Almost absurdly robotic and one-dimensional, the three protagonists sometimes strike the spectator as characters out of a particularly strange arcade-game, only allowed to enter or leave the house a certain number (p.129) of times, and always in danger of being ‘zapped’ as they do so. Nancy emerges as the game’s plucky have-a-go hero, her ultimate mission becoming ever more clear: to enter the haunted house, to wake up and untie the frozen children, and bring them out into the open before their monster-father eats them.12 Mme Diss frames the challenge in the following terms, insisting more on the minor, truly ‘game-like’ actions that her ex-daughter-in-law avatar must perform: ‘Va faire là-dedans ce que tu as à y faire! […] Préviens mon fils, rapporte de l’eau, un chèque pour la maman, habille-toi, tamponne-toi, fais sortir ces enfants, qu’on voie leur figure, et tout sera bien à l’endroit’ (SE, 49). For bonus points, perhaps at a higher level of the game (a level which, alas, she fails to reach), Nancy might also want to visit her dead child’s grave and so at last to make peace with herself. The murdered child Jacky remains an un-symbolized and ghostly infant presence, of course: like Bébé (in both La Femme changée en bûche and Papa doit manger), like Hilda’s abandoned children, like Providence’s mysterious newborn, eaten, perhaps, by pigs. The boy’s spirit simply swirls around the family home, amongst the living (but threatened) children, as ungraspable and threatening as the various shifting and squirming black things that will fly out of Nadia’s womb, or roll around the village’s playgrounds in Autoportrait en vert (2005). And all the while the 14 July festivities continue, their jolly firework displays functioning as a vacuous community celebration as unstoppable as it is uncaring, as oblivious to the corpse of the snake-bitten little Jacky as the cheery fans of the new Astérix film in Rosie Carpe are to the nearly dead body of little Titi, lying in the sun amongst the rats. As Mme Diss’s second daughter-inlaw France explains, the public joy of a nation is an implacable and non-negotiable event:
Mais je peux bien, avant comme après, vivre dans l’attente du 14 juillet, puisque cela finit toujours soit par arriver soit par revenir. Il suffit d’en être certaine. C’est un désir perpétuel et toujours comblé, aussi ne croyez pas que je retombe, non, la vigueur de cet élan ne cessera qu’à ma mort, la joie qu’existe chaque année, un 14 juillet et un feu d’artifice, inéluctablement.
Pas de déception, pas de chute possible.
(SE, 10– 11)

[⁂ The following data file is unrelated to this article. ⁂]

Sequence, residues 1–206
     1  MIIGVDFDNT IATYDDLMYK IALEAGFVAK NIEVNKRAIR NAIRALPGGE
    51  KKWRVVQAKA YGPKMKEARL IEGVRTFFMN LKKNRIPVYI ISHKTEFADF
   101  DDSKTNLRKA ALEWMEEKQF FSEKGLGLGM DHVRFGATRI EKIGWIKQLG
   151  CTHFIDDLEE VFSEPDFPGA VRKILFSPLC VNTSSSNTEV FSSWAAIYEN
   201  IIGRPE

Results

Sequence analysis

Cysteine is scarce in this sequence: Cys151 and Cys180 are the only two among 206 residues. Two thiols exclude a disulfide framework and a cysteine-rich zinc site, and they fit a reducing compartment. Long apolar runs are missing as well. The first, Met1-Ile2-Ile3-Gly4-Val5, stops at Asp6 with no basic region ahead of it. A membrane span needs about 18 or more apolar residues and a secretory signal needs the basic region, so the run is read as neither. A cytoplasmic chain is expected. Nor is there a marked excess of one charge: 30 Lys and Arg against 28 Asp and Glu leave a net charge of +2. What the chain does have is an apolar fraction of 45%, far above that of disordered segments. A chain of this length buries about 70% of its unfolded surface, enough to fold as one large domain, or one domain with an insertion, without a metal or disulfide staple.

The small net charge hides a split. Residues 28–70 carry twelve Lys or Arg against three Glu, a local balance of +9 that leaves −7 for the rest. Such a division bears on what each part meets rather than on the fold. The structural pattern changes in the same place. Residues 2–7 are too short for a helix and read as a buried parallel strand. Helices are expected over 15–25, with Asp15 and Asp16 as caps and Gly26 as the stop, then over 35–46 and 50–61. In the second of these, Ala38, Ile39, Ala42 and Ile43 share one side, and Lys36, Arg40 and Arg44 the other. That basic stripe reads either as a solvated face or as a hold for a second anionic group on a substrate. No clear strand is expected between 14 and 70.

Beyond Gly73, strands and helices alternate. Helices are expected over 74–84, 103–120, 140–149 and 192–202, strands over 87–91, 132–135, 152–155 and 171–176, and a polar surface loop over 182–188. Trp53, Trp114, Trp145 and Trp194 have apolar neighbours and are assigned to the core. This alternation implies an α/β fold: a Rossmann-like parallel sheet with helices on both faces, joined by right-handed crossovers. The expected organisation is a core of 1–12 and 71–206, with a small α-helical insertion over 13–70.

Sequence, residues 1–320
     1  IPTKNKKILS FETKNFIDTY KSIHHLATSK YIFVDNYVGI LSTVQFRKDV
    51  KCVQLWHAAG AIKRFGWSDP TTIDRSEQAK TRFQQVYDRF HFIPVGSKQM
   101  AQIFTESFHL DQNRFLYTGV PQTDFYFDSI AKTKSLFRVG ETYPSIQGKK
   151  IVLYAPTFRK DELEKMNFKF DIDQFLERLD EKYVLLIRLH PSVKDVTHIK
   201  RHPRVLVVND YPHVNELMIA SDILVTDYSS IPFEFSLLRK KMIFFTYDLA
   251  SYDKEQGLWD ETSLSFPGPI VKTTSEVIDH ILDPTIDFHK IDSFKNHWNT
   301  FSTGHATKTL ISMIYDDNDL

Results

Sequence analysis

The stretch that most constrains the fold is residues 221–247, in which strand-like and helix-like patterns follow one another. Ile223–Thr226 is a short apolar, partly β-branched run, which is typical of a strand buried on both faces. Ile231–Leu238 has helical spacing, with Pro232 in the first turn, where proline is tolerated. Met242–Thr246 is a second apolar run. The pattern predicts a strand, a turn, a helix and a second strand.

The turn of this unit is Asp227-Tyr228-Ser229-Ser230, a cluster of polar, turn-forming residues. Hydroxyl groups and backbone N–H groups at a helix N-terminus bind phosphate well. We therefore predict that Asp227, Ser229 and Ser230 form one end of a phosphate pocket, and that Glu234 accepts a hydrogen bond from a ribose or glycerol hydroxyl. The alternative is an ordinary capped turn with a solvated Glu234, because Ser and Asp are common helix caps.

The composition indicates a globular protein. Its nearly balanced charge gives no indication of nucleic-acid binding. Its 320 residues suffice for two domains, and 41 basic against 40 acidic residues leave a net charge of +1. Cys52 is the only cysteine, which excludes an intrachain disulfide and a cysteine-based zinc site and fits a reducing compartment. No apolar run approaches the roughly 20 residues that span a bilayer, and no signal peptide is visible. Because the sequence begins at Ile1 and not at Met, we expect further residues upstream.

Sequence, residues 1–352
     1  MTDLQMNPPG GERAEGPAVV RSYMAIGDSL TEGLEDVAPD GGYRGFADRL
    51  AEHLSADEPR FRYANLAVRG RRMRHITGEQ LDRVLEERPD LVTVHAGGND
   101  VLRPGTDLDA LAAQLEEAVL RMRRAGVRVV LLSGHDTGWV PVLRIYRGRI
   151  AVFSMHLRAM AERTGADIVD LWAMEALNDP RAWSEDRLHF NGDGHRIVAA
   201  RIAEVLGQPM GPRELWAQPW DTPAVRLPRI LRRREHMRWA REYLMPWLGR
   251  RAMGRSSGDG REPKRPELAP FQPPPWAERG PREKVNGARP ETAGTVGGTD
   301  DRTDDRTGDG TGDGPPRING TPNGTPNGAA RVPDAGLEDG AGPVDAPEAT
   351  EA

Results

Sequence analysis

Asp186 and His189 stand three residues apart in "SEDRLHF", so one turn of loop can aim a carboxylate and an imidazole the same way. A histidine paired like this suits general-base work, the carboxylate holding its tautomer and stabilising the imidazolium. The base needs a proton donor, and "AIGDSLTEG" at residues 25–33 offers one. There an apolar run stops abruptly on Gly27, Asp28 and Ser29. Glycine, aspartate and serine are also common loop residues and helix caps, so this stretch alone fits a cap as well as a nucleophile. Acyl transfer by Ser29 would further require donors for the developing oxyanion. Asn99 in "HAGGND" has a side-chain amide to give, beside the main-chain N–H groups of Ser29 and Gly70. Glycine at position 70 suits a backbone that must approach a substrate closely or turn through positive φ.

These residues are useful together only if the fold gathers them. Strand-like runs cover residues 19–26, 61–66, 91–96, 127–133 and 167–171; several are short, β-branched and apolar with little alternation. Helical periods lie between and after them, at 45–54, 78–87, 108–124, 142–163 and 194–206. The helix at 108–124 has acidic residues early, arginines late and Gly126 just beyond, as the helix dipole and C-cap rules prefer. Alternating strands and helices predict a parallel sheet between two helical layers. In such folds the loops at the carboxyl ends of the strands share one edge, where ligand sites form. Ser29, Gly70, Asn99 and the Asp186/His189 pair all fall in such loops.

NDiaye explores the horrible psychological logic of abusive care-giving in a number of earlier and later works, but in this play the figure of the snake is used as a particularly powerful metaphor for the narcissistic parent’s incorporation of his or her child. Parents ‘eat’ their offspring (p.130) whole, leaving no trace, and in this sacrificial act of eradication they are able to delay or quieten the symptoms of their own traumatic childhoods. Mme Diss – like Nadia, and like the aged Papa who ‘doit manger’ – arrives at her adult son’s house because she needs money and she needs sustenance in whatever form he can offer. She is not interested in love in the conventional sense of the term (although she is willing, like Papa, to fake it in exchange for money), and the idea that she is actually the parent of her son rather than the other way around appears to be unthinkable: ‘Vous devez me compter comme l’un des enfants,’ she tells her second daughter-in-law, France. ‘Vous devez vous occuper de moi. Vous devez prendre toute la responsabilité de ma personne. Moi, je peux plus’ (SE, 73). A woman of seemingly inexistent emotional insight or capacity for self-reflection, she cannot countenance the possibility of her own culpability and, above all, refuses to accept the potential validity of her son’s avoidance of her: ‘Pourquoi m’évite-t-il, dis-moi? […] Pourquoi donc?’ (SE, 10). Demanding nothing but unwavering acknowledgment and respect from her adult offspring (‘qu’il vienne me reconnaître’, SE, 42), Mme Diss is perhaps the most flint-hearted female character in all NDiaye’s theatre, taking pride, like Papa, in her preternatural lack of sentiment (‘Je reste nette et froide, Nancy […] Je reste exacte, rigoureuse et froide’, SE, 52– 3), and an approving collaborator in her grandson’s physical abuse by her son: ‘Je ne le battais pas mais je ne trouvais pas déshonorant qu’il fût battu’ (SE, 33). The soliloquy of maternal rage and self-justification in which she indulges in the final scene is the exact opposite of the healing ‘maternal reverie’ spoken of by Wilfred Bion (1962) in his discussion of ‘alpha function’, the caregiver’s capacity to convert the infant’s fear and panic into tolerable feelings: